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Preventing Future Oil Disasters
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Preventing Future Oil Disasters
Dear EcoGirl: My heart is breaking watching the Gulf oil gusher. How can we help prevent such disasters in the future? Signed, Weeping
Dear Weeping: You're not alone in your response. Many of us are horrified at the unfolding Gulf devastation, and hope to never see anything like it again. Unfortunately, though, our demand for oil is pushing drilling into riskier regions, so we'll likely see increasing eco-calamities until we solve the underlying problems.
Certainly, the remedies start with holding BP accountable for its actions and improving drilling regulation. However, we also need to recognize that petroleum is inherently harmful to people and ecosystems throughout its life cycle.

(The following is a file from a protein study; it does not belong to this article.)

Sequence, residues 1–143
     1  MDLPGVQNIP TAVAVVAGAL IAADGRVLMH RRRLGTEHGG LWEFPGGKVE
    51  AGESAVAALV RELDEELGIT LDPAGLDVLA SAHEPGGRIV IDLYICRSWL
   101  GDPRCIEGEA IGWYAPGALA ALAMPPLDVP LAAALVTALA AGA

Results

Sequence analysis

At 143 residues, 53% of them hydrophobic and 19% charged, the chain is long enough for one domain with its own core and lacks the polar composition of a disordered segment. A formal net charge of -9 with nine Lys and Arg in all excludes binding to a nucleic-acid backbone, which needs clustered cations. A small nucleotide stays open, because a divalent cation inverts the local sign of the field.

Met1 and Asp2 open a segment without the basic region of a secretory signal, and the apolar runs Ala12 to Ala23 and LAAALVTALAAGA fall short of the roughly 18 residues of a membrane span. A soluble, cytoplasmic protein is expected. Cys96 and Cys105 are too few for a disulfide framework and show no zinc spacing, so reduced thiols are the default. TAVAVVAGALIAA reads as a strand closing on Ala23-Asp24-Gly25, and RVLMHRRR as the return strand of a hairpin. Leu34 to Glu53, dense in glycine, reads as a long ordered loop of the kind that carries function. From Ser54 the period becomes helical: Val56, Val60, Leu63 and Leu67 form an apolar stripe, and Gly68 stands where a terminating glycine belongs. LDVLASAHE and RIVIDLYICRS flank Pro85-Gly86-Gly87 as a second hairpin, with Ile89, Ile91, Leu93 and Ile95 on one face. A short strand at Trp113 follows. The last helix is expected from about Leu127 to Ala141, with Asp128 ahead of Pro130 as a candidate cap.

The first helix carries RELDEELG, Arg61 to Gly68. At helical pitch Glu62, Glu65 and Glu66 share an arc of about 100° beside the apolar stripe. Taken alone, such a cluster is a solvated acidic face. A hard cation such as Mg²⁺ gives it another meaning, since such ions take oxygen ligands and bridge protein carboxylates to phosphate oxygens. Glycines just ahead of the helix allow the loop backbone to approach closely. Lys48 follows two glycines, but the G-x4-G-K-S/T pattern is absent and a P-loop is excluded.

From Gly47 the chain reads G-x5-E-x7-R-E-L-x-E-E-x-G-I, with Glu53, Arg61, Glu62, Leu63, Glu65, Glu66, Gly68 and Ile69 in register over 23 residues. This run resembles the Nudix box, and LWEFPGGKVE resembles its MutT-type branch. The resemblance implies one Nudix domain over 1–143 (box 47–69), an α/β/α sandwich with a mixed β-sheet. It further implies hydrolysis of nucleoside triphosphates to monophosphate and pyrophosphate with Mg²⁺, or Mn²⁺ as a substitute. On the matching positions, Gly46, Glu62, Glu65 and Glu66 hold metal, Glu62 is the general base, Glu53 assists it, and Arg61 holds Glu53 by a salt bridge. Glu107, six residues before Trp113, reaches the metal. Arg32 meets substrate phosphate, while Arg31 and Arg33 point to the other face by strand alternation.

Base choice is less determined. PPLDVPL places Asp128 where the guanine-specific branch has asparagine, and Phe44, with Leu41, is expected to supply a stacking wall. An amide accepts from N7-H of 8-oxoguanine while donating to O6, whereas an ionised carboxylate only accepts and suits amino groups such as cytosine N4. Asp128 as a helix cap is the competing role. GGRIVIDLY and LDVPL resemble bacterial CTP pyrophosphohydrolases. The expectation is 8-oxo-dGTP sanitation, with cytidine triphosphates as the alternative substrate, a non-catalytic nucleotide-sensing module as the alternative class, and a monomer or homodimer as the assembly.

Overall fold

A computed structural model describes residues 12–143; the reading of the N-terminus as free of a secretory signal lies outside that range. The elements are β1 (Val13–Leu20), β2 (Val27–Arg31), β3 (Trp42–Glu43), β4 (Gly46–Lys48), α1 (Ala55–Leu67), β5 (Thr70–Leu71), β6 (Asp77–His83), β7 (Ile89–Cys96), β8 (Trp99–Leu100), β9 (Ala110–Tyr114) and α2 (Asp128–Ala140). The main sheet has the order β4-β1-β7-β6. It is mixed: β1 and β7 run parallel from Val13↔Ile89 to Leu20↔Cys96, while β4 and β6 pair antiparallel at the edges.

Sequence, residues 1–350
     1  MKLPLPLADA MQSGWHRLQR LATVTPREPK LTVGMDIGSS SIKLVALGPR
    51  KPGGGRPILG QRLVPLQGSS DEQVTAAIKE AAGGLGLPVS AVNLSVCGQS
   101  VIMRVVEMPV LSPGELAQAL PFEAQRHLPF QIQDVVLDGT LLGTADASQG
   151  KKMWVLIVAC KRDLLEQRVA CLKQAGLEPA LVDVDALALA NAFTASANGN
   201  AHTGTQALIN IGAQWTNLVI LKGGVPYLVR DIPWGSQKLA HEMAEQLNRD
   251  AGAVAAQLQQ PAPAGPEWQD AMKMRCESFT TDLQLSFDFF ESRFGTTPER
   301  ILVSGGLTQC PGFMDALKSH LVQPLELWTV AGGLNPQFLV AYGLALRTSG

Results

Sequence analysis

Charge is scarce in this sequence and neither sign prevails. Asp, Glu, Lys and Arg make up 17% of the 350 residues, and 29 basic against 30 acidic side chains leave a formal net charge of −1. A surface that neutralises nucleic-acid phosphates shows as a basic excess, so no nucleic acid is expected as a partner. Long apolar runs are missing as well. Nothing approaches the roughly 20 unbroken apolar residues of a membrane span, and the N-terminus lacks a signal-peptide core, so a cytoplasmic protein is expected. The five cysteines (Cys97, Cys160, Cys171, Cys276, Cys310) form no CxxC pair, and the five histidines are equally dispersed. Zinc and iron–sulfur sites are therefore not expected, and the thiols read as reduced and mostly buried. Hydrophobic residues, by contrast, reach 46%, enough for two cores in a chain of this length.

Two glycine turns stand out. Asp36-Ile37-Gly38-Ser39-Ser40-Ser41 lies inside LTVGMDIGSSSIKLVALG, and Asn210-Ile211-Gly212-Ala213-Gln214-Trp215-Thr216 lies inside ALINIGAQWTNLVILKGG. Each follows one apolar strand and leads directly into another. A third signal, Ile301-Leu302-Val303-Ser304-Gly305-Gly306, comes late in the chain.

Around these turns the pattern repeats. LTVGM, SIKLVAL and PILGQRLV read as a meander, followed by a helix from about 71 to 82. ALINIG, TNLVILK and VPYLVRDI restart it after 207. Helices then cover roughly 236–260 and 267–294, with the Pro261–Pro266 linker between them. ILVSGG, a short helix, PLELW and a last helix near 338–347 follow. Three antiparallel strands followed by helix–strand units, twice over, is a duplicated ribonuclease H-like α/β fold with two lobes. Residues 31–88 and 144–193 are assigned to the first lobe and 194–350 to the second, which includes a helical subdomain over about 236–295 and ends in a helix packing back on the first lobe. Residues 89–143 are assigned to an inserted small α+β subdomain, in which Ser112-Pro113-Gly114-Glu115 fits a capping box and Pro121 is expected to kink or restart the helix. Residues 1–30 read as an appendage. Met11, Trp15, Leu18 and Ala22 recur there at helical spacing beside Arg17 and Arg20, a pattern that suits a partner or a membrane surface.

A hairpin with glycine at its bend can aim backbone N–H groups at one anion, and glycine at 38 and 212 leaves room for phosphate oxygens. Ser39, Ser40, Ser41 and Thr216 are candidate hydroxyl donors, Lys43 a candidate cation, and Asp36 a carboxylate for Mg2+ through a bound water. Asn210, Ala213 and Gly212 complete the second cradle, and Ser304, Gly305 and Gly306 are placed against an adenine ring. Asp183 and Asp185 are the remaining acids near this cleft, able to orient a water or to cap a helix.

And, since we all use petroleum in our lives and our society, we have a responsibility to help stop the damage.
But what can we do? My column last month offered tips for reducing our largest direct use of oil, passenger cars. (See www.patriciadines.info/EcoGirl3j.html.)
This month, I'll explore how we can reduce our indirect oil use, and help steer our culture in a wiser direction.
Reducing Our Indirect Oil Impacts
Most consumer products require notable amounts of oil for their production, transport, and disposal. Here are some important ways to trim those impacts: